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Books of Secrets

Natural Philosophy in England, 1550-1600

Allison Kavey

Publication Year: 2007

Ranging from alchemy to necromancy, books of secrets? offered medieval readers an affordable and accessible collection of knowledge about the natural world. Allison Kaveys study traces the cultural relevance of these books and also charts their influence on the people who read them. Citing the importance of printers in choosing the books contents, she points out how these books legitimized manipulating nature, thereby expanding cultural categories, such as masculinity, femininity, gentleman, lady, and midwife, to include the willful command of the natural world.

Published by: University of Illinois Press

front cover

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Title Page

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Copyright Page

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Table of Contents

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pp. vii-viii

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Acknowledgments

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pp. ix-x

The first and biggest thank you must go to Larry Principe. Without his sense of humor and unflinching support, even in the face of literary theory, this project would have looked very different. He should be hailed as a scholar and a gentleman. ...

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Introduction: Telling Secrets

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pp. 1-8

This project began as a quest for the meaning and cultural status of books of knowledge, inexpensive perpetual almanacs that included information on astrology, physiognomy, and medical theory and advice. The original goal was to consider the ways in which these books helped readers reimagine the world around them as predictable and explicable, rather than opaque and chaotic. ...

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Chapter One: Printing Secrets

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pp. 9-31

The second half of the sixteenth century was marked by the formalization of English printing with the 1555 incorporation of the Stationers’ Company. The company proved to be a functional institution around which printers could coalesce and on whose regulations they would base an increasingly vibrant and lucrative trade. ...

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Chapter Two: Roger Bacon, Robert Greene's Friar Bacon, and the Secrets of Art and Nature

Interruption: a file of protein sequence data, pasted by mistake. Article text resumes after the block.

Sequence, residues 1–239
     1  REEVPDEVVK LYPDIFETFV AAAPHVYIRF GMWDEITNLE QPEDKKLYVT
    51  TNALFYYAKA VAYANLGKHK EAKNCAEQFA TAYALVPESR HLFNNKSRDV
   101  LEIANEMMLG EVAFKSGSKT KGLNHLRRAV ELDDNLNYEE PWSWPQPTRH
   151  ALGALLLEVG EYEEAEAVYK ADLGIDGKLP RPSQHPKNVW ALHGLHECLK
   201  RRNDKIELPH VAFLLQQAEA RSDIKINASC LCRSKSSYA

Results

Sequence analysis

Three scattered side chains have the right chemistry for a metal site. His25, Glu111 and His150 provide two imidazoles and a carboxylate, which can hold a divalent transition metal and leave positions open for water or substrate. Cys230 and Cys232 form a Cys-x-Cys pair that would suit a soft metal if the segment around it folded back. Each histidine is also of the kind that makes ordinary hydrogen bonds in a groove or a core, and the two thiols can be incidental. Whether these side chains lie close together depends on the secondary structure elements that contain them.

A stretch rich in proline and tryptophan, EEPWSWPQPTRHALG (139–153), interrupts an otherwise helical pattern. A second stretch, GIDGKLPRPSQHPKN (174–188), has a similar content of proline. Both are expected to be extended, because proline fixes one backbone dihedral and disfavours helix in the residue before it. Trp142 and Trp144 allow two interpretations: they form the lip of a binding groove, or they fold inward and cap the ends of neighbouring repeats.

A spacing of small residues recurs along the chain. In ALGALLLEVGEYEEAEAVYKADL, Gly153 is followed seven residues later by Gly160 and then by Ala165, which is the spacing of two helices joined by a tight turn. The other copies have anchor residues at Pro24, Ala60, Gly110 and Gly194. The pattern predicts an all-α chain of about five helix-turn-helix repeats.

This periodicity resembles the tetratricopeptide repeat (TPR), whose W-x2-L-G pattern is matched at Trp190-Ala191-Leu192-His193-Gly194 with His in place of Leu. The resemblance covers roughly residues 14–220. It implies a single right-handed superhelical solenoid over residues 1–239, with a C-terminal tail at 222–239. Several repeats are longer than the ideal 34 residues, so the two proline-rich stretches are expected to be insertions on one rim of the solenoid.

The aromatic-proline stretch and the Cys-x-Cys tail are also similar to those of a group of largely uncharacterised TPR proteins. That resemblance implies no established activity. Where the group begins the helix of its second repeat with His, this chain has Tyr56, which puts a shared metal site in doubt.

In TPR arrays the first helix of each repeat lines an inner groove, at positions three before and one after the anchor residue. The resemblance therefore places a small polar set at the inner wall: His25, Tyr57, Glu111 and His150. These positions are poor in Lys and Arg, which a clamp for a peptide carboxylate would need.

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pp. 32-58

To this point, I’ve concentrated on the print marketplace and offered evidence that there was a small group of interconnected printers producing and selling books of secrets. In this chapter, I will develop the role of authors, or more accurately the creation of authority, in cheap print. ...

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Chapter Three: Structuring Secrets for Sale

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pp. 59-94

The last chapter established the creation of authority as a fundamental part of books of secrets, since their appeal depended on readers believing that they contained the knowledge of great masters of the natural world whose wisdom was suddenly and for the first time available at a price they could afford. ...

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Chapter Four: Secrets Gendered: Femininity and Feminine Knowledge in Books of Secrets

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pp. 95-125

In 1573 John Partridge and Richard Jones became the first English Renaissance team of a compiler and printer to create a book of secrets intended for a female audience.1 The Treasurie of commodious Conceits, and hidden Secrets appears to be a rather staid combination of recipes for dinners, desserts, and herbal medicines, ...

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Chapter Five: Secrets Bridled, Gentlemen Trained

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pp. 126-155

Gervase Markham’s horsemanship and horse care manual, How to chuse, ride, traine, and diet, both Hunting-horses and running Horses. With all the secrets thereto belonging discovered: an Arte never here-to-fore written by any Author served as a substantial part of Markham’s empire of practical guides to animal husbandry and gentlemanly occupations. ...

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Conclusion: A Secret by Any Other Name

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pp. 156-160

The books of secrets analyzed here reflect, perhaps more than other forms of cheap print that remained popular for a longer period of time, their cultural and intellectual context. While the knowledge they contained was collected from a variety of sources and presented in the name of different audiences and disciplines, ...

Notes

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pp. 161-186

Bibliography

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pp. 187-194

Index

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pp. 195-197

back cover

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E-ISBN-13: 9780252091599
Print-ISBN-13: 9780252032097

Page Count: 216
Publication Year: 2007